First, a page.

In the meantime, she is doing all she can mentoring and tutoring underrepresented high school students. On top of this, she keeps busy as an Honors Program student, Huntsman Scholar and a Jon M. Huntsman School of Business Ambassador. She serves on the USU Student Advisory Board for the Institute of Government and Politics, and is a research assistant in political science and a teaching assistant for the Huntsman School of Business.
“We’re very proud of you,” Albrecht told her. “This is a great accomplishment, and it is an honor for the university as well.”
Miller, who helped guide Fife through the arduous preparations and interviews leading up to the award, called Fife an exemplary USU Honors student.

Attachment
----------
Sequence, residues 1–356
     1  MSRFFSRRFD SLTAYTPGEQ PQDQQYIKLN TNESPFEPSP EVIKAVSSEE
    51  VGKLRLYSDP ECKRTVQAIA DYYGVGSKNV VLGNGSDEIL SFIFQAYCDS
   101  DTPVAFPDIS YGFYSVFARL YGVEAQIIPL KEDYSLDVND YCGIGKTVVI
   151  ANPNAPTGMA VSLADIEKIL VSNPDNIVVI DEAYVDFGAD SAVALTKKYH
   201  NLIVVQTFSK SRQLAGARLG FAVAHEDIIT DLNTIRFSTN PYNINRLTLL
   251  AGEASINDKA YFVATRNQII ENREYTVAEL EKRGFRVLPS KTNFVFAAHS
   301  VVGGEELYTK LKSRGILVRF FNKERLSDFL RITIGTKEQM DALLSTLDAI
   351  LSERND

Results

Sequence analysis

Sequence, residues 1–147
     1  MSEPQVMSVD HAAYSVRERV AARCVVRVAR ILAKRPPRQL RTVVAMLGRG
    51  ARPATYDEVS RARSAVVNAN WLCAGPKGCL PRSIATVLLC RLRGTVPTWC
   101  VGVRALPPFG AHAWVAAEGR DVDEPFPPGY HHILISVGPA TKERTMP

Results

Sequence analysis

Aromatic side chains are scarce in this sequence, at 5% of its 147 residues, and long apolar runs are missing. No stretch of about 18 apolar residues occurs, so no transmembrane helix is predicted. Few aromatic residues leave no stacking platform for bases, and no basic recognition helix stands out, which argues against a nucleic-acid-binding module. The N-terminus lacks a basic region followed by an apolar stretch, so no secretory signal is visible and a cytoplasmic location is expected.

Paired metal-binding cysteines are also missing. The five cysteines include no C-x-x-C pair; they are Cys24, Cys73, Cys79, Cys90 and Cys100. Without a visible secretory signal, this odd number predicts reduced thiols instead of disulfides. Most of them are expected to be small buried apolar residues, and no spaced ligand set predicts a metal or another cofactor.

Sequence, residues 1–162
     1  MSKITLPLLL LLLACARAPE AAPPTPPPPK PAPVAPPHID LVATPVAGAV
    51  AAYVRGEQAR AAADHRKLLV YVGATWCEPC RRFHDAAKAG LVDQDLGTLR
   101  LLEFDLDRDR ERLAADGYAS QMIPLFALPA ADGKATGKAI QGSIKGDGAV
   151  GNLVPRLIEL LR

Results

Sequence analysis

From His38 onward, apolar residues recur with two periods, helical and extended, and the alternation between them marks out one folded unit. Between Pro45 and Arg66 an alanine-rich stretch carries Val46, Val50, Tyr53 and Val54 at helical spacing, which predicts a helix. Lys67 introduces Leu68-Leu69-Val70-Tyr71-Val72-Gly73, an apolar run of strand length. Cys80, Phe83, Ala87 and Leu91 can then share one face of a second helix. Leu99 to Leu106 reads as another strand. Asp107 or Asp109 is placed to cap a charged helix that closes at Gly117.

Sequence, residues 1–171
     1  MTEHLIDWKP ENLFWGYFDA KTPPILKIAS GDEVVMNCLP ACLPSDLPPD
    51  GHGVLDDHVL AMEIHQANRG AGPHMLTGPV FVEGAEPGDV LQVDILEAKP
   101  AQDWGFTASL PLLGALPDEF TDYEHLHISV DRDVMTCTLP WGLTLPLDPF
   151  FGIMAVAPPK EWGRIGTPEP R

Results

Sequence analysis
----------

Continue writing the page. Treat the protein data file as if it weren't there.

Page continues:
“Her double major demonstrates an ability to think deeply and critically across disciplines, and her research about educational equity in American schools is both insightful and civically engaged,” she said. “As an articulate, thoughtful young scholar who is truly committed to making the world a better place, she embodies the principles of public-service leadership that are central to the Harry S. Truman Scholarship.”
And just like Truman, who rose from the status of underdog to victor in the 1948 U.S. presidential campaign, Fife said she also relishes the role as a Truman Scholar representing Utah State University.
“People don’t realize how much USU has to offer its students and because of that you may be an underdog until you show people who aren’t familiar with the university that you are competent,” she said. “And I’m okay with being an underdog and proving my merit to people.”
And along the way, changing the world.
Contact: Dr. Kristine Miller, 435-797-3637; Kristine.firstname.lastname@example.org
Writer: John DeVilbiss, 435-797-1358; email@example.com